Transfer of training

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Transfer of training refers to the gg effect that knowledge or abilities acquired in one area have on problem solving or knowledge acquisition in other areas. Transfer of training is based on the theory of transfer of learning.

D H Holding says that "transfer of training occurs whenever the effects of prior learning influence the performance of a later activity" (Principles of Training -1965) In Training for Performance Morrison, J. (Ed p. 93 )). The degree to which trainees successfully apply in their jobs the skills gained in training situations, is considered "positive transfer of training" (Baldwin & Ford, 1980). An example of this could be that if a person who is skilled in auto mechanics decides to learn aircraft mechanics, they would find much easier than someone with no previous knowledge of mechanics. Transfer of training holds somewhat different meaning in different disciplines of psychology. Holding's definition reflects a cognitive psychology perspective. A cognitive psychologist might be interested in how the semantic similarity of word pairs in one list affects time to learn on a second list (the transfer task). From this perspective, the original learning task and the "later activity" look very much alike.

Baldwin and Ford's definition reflects an Industrial/Organizational (I/O) Psychology perspective. An I/O psychologist might be interested in how trainees' motivation to transfer is related to later job performance. The training domain (e.g., a web-based training program) might be very different from the later "activity" domain (e.g. job performance).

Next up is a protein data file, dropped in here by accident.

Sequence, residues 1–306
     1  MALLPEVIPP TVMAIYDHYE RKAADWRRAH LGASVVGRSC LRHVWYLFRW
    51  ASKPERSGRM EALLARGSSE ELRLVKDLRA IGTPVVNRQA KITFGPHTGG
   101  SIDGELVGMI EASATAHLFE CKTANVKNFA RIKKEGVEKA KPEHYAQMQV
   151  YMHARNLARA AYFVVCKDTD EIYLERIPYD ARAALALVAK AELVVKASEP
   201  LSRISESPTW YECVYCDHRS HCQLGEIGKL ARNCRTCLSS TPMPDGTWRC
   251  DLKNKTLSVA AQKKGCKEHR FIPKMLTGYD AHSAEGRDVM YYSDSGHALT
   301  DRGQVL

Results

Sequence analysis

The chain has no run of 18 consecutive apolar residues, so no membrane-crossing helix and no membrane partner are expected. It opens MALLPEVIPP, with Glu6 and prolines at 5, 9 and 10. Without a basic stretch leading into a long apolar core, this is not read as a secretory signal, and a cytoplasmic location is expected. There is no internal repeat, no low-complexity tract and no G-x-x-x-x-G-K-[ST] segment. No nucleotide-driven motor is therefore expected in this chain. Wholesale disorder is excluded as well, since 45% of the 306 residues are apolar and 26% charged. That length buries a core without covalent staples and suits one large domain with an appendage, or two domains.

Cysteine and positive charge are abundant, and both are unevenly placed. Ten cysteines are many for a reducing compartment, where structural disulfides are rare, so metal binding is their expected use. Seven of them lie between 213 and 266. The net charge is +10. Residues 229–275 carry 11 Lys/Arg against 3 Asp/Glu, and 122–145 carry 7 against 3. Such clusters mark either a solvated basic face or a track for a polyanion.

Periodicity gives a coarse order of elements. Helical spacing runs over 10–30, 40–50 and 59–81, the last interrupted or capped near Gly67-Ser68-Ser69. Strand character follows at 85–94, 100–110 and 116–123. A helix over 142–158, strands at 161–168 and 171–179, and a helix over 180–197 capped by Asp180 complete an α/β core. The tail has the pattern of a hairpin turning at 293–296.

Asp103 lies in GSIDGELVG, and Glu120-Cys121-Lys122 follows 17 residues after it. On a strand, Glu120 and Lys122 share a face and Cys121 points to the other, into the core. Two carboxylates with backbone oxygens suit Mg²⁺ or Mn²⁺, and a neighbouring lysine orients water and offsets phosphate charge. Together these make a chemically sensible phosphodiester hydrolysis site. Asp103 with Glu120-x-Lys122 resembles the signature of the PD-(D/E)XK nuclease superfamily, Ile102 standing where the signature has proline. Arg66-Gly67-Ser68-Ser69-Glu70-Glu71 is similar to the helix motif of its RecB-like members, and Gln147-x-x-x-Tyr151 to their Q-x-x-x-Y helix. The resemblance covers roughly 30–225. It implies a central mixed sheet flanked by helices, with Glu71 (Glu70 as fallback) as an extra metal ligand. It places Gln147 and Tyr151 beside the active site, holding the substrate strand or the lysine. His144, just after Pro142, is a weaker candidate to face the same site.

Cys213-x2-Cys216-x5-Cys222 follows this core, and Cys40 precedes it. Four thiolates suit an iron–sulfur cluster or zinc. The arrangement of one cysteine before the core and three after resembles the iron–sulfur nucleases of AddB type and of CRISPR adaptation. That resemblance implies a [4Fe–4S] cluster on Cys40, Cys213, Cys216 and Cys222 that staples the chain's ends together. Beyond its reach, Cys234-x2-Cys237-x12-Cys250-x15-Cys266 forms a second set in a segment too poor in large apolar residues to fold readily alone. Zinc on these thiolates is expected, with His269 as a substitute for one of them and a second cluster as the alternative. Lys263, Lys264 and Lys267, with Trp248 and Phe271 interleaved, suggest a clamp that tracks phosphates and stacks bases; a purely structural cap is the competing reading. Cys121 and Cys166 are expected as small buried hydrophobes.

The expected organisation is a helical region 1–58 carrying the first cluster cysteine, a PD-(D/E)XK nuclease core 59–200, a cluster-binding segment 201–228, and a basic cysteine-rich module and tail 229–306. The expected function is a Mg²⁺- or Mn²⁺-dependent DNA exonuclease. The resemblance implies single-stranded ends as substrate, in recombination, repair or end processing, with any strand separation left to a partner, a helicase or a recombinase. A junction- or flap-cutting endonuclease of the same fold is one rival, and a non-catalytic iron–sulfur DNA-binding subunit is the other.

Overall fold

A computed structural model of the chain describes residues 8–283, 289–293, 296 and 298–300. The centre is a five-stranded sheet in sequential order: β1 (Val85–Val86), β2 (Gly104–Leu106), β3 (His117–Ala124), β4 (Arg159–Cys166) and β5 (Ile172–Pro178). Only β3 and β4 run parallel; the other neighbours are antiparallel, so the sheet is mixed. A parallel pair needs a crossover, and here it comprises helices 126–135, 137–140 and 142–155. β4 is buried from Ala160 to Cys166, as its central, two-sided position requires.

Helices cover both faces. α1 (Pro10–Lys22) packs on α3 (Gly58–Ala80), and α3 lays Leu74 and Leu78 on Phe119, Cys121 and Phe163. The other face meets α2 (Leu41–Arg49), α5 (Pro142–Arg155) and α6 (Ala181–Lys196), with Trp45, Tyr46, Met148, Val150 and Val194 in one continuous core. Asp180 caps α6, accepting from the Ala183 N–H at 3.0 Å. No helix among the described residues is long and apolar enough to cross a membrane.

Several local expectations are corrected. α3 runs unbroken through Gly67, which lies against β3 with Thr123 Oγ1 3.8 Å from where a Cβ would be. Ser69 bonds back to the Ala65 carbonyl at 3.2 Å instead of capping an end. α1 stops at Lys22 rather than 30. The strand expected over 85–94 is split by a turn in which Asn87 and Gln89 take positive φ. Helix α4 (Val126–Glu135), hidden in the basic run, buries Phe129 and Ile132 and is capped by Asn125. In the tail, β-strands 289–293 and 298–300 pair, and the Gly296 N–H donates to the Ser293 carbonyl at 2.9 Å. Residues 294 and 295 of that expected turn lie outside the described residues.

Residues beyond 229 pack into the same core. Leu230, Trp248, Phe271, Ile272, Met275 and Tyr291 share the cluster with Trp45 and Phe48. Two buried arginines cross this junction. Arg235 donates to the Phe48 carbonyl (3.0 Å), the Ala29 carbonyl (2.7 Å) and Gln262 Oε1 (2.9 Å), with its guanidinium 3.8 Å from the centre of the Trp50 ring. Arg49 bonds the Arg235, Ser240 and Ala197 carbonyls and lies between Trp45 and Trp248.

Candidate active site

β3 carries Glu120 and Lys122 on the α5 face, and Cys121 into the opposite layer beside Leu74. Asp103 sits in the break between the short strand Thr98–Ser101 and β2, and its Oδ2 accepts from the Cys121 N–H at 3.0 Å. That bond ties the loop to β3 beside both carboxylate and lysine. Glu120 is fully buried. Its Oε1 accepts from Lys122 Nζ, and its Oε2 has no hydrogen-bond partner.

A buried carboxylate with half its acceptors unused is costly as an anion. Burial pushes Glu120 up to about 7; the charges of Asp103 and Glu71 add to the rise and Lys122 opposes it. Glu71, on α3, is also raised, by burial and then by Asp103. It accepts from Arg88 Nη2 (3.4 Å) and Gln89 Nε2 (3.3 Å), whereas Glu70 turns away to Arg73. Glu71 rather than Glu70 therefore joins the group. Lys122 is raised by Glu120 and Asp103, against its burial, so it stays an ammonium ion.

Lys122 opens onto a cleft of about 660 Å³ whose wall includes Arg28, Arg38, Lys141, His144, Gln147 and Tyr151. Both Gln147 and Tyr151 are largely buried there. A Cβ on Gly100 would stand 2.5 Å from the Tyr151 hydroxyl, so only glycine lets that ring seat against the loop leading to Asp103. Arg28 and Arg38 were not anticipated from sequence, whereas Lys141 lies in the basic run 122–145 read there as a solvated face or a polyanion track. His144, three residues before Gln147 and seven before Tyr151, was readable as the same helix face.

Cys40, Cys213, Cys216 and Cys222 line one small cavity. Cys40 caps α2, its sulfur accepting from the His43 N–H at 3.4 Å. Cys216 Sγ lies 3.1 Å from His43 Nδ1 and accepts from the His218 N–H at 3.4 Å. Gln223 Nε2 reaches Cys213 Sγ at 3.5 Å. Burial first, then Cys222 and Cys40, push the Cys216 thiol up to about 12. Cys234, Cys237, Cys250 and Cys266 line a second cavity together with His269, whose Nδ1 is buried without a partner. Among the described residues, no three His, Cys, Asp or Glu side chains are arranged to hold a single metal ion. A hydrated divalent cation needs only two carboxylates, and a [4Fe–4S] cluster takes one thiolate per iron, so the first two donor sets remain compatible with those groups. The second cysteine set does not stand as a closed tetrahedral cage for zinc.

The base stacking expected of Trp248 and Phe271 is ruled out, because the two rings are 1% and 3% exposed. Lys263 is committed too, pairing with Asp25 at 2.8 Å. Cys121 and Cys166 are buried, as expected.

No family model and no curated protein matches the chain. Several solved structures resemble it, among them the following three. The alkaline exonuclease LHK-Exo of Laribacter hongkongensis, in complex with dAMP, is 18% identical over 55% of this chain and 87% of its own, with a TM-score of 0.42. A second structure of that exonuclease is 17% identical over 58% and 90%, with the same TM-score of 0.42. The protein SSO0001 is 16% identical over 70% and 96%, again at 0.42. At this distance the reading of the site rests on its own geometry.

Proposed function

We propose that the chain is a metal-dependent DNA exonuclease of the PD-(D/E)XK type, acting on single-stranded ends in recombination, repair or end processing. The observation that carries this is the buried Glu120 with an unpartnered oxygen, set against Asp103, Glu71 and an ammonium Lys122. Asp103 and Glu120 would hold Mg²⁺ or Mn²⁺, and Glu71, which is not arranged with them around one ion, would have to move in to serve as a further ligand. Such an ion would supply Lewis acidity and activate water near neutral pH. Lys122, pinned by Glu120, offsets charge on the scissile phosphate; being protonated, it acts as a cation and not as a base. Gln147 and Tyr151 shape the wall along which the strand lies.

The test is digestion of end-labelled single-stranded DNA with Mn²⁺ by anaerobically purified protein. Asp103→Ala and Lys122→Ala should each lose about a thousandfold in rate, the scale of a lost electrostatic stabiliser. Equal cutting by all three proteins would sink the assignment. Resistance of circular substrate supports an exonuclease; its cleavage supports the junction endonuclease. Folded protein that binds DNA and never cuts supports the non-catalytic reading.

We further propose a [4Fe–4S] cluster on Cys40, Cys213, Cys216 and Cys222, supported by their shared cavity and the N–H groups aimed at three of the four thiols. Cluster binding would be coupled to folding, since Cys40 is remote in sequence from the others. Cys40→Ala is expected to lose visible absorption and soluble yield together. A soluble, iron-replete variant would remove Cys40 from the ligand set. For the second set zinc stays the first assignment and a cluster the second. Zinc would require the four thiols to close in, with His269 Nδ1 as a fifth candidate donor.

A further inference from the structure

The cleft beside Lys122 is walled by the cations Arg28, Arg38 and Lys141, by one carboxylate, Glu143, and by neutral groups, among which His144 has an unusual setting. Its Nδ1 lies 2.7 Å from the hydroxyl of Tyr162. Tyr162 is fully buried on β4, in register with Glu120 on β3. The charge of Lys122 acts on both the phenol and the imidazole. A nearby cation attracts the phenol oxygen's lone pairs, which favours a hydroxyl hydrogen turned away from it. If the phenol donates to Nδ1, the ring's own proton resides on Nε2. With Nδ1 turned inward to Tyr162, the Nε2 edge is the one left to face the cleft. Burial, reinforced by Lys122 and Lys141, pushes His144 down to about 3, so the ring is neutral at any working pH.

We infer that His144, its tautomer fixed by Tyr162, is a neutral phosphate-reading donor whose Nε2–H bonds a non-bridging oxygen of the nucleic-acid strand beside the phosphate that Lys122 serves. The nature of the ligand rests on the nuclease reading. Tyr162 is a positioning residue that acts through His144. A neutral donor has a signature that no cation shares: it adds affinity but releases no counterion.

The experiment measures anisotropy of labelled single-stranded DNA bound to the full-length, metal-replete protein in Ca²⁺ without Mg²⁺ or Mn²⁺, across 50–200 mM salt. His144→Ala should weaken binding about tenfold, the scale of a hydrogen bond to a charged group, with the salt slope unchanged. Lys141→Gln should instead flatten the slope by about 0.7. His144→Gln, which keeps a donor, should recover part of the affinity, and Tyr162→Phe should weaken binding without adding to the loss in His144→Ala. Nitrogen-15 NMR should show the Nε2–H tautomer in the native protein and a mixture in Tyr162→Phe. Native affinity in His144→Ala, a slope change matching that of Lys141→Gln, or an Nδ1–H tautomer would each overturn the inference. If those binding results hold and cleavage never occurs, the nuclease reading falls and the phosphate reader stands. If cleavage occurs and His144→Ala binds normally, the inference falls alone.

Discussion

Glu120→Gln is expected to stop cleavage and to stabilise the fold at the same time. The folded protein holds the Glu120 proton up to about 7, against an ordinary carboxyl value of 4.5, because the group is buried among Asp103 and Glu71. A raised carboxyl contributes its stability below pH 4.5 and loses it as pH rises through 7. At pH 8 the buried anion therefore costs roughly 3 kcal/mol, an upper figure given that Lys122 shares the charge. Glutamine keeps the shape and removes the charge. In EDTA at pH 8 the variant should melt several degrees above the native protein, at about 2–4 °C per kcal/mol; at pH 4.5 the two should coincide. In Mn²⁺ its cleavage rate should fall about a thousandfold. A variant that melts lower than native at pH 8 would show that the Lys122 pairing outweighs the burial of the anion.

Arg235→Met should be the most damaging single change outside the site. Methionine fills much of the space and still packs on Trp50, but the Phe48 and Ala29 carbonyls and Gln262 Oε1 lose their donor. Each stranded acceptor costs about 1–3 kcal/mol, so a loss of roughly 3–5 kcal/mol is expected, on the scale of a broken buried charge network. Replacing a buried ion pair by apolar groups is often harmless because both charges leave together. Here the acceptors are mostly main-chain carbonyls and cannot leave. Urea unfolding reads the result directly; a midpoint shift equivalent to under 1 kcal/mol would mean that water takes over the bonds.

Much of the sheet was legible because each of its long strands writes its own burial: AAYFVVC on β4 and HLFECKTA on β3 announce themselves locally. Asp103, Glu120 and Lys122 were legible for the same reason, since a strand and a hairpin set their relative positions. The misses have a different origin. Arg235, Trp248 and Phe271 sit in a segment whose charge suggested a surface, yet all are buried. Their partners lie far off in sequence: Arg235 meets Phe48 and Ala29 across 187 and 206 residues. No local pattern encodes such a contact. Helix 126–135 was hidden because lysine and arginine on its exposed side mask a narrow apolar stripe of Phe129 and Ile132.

There are three types of transfer of training:

  • Positive Transfer
This is when prior learning or training facilitates acquiring a new skill or reaching the solution to a new problem. In this situation the individual performs better than he would have without the prior training.
  • Negative
This is when prior learning or training hinders acquiring a new skill or reaching the solution to a new problem. In this situation the individual performs worse than that he would have had he not been exposed to the prior training.
  • Zero Transfer
In this situation, past experience or training neither enhances nor hinders acquiring a new skill or reaching the solution of a new problem.


OPM: Training Transfer

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Holton, E. F. III, Bates, R., Seyler, D., & Carvalho, M. (1997) Toward construct validation of a transfer climate instrument. Human Resource Development Quarterly, 8, 95-113.

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Wexley, K. N. & Baldwin, T. T. (1986). Posttraining strategies for facilitating positive transfer: An empirical exploration. Academy of Management Journal, 29, 503-520.